Air Pollution And Pregnancy, The Shocking Reality
The Shocking Reality About Air Pollution And Pregnancy
You’re taking prenatal vitamins, eating a balanced diet, and seeing your OB/GYN on a regular basis. All of these things are necessary for a successful pregnancy. The air you breathe is equally critical. One in every two people lives in cities with polluted air, according to the American Lung Association’s 2016 State of the Air survey. Fortunately, there are things you can do to increase air quality both inside and outside your home.
Effects Of Air Pollution On A Pregnant Woman
Poor air quality has been linked to a variety of negative health effects, ranging from cardiovascular and respiratory issues to cognitive impairment. It can even result in death. According to research, air pollution is particularly harmful to children during pregnancy. In fact, air pollution levels below current US Environmental Protection Agency (EPA) standards have been shown to have harmful effects on both the mother and the fetus. According to a large-scale survey, air pollution caused 16,000 premature births in the United States alone in a single year.
Particle contamination, a mixture of poisonous solid and liquid particles floating around in the air we breathe, is the biggest factor. They irritate the lungs, skin, and throat, making it difficult to breathe. Not to mention the fact that they have a connection to lung cancer. Larger particles are often expelled from the body by coughing or sneezing. Smaller particles, on the other hand, become lodged in the lungs or enter the bloodstream.
The most common particle contaminants, polycyclic aromatic hydrocarbons (PAHs), have been linked to premature birth, low birthweight, and, in serious cases, infant mortality. It’s also linked to a higher risk of autism and obesity in later childhood.
In a 2015 study of 40 kids, researchers discovered that the higher the amount of PAHs they were exposed to during pregnancy, the more white matter was lost in the left hemisphere of the brain. White matter loss in that area is linked to slower cognitive processing and behavioral issues. Researchers discovered that postnatal exposure to the same toxins had adversely affected the production of white matter in the prefrontal cortex, the region of the brain linked to attention, reasoning, judgment, and problem-solving capacity, when they scanned these children’s brains again at age 5.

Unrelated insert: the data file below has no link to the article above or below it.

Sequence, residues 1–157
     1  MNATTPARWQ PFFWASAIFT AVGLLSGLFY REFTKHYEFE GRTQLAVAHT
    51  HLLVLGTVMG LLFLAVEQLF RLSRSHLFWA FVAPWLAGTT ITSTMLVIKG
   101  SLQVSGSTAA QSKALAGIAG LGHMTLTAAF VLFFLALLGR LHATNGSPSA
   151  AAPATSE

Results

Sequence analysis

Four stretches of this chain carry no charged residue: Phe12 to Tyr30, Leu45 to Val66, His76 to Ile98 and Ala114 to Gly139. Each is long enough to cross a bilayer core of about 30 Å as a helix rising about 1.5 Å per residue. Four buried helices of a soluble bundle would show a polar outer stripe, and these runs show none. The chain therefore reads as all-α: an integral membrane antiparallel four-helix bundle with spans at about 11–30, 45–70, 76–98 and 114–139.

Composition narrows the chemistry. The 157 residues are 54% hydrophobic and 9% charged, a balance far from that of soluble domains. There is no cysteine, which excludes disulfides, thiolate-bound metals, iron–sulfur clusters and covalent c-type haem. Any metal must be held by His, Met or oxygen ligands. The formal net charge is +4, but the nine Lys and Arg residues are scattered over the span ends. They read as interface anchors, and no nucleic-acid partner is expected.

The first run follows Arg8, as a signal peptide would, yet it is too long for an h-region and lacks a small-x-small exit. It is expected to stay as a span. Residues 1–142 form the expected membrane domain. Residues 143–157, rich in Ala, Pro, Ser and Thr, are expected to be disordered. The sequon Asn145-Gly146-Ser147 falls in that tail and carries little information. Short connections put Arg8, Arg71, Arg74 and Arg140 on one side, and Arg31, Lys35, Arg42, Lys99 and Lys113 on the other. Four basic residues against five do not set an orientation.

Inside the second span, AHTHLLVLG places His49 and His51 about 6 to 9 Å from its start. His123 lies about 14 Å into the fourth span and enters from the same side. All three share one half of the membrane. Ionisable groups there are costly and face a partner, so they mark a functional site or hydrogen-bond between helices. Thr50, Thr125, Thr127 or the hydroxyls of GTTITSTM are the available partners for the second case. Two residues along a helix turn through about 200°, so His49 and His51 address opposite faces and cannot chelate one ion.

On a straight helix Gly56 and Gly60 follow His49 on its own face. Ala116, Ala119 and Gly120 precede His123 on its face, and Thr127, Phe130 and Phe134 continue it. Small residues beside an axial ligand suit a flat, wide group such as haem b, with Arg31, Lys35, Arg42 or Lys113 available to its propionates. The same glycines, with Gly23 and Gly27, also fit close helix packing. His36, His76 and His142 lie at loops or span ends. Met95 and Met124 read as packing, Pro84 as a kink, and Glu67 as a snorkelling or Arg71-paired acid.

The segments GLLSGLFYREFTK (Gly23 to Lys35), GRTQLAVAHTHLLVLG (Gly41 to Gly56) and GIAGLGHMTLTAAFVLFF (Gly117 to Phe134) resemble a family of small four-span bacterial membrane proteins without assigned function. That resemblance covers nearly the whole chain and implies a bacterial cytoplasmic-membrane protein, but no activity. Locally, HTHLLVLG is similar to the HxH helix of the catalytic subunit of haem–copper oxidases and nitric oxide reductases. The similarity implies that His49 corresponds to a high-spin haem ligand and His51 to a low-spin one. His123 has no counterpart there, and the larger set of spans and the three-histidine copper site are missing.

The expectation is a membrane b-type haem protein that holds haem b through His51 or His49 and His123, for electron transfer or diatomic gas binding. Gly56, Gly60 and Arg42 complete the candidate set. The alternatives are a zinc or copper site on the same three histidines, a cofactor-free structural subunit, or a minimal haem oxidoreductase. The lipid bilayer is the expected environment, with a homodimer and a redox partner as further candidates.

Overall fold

Pregnancy Results Are Vastly Improved When There Is Less Pollution In The Air
Reducing air pollution is important for our children’s health, according to real-world evidence. Children in Southern California who were studied from 2007 to 2011 had better lung capacity than children of the same age and living in the same neighborhoods who were studied from 1993 to 2001 when the air was dirtier.
Temporary pollution control initiatives in Beijing prior to and after the 2008 Olympics culminated in babies being born with an average birth weight of 23 grams higher than babies born before the tighter regulations. As air pollution levels in Switzerland fell slightly in the 1990s, schoolchildren suffered fewer outbreaks of chronic and nocturnal dry cough, bronchitis, and pneumonia over a nine-year period.
You shouldn’t have to wait for regional government controls to improve your baby’s air quality. Here are ten things you can do to keep your family safe from air pollution.
10 Ways To Keep Your Baby Safe From Pollutants In The Air
- For regular air quality forecasts, listen to local radio, television, and newspapers, and remain indoors when levels are high.
- To avoid exposure to vehicle fumes, minimize your time in the car and avoid high-traffic areas wherever possible.
- When it comes to lawn work, hand-powered or electric machines are preferable to gasoline-powered machines.
- Smoking is not permitted in your house. It’s now or never to stop smoking if you’re a smoker.
- Cooking emissions can be removed from the air by using an exhaust fan and ensuring that your kitchen is well-ventilated. In reality, recirculation exhaust fans pollute the indoor air more than exhaust fans that vent to the outside. Cooking, apart from cigarette smoking, is one of the most polluting activities in the house.
- Remove all scented and perfumed items from your house, including air fresheners, cologne, perfume, and cleaners. They may contain harmful chemicals that are released into the atmosphere.
- Use nontoxic brands or natural cleaners like vinegar, peroxide, and baking soda.
- Ensure that gas stoves and central heating and air-conditioning systems are built and maintained properly.
- Check for radon, a radioactive gas, in your house. You have the option of buying a kit or hiring a competent inspector.
- To filter toxic contaminants out of the air, invest in a home air purifier, such as the iWave Air Purifier, or a duct mounted ultraviolet light.
Better air quality from the start will help your baby in the long run. Knowing the dangers of air pollution and taking action to stop it would go a long way in making it easier for your child to breathe.
For installation on a whole home air purifying system please contact Earth Temp HVAC, Inc. to address the air quality your home needs for you and your children.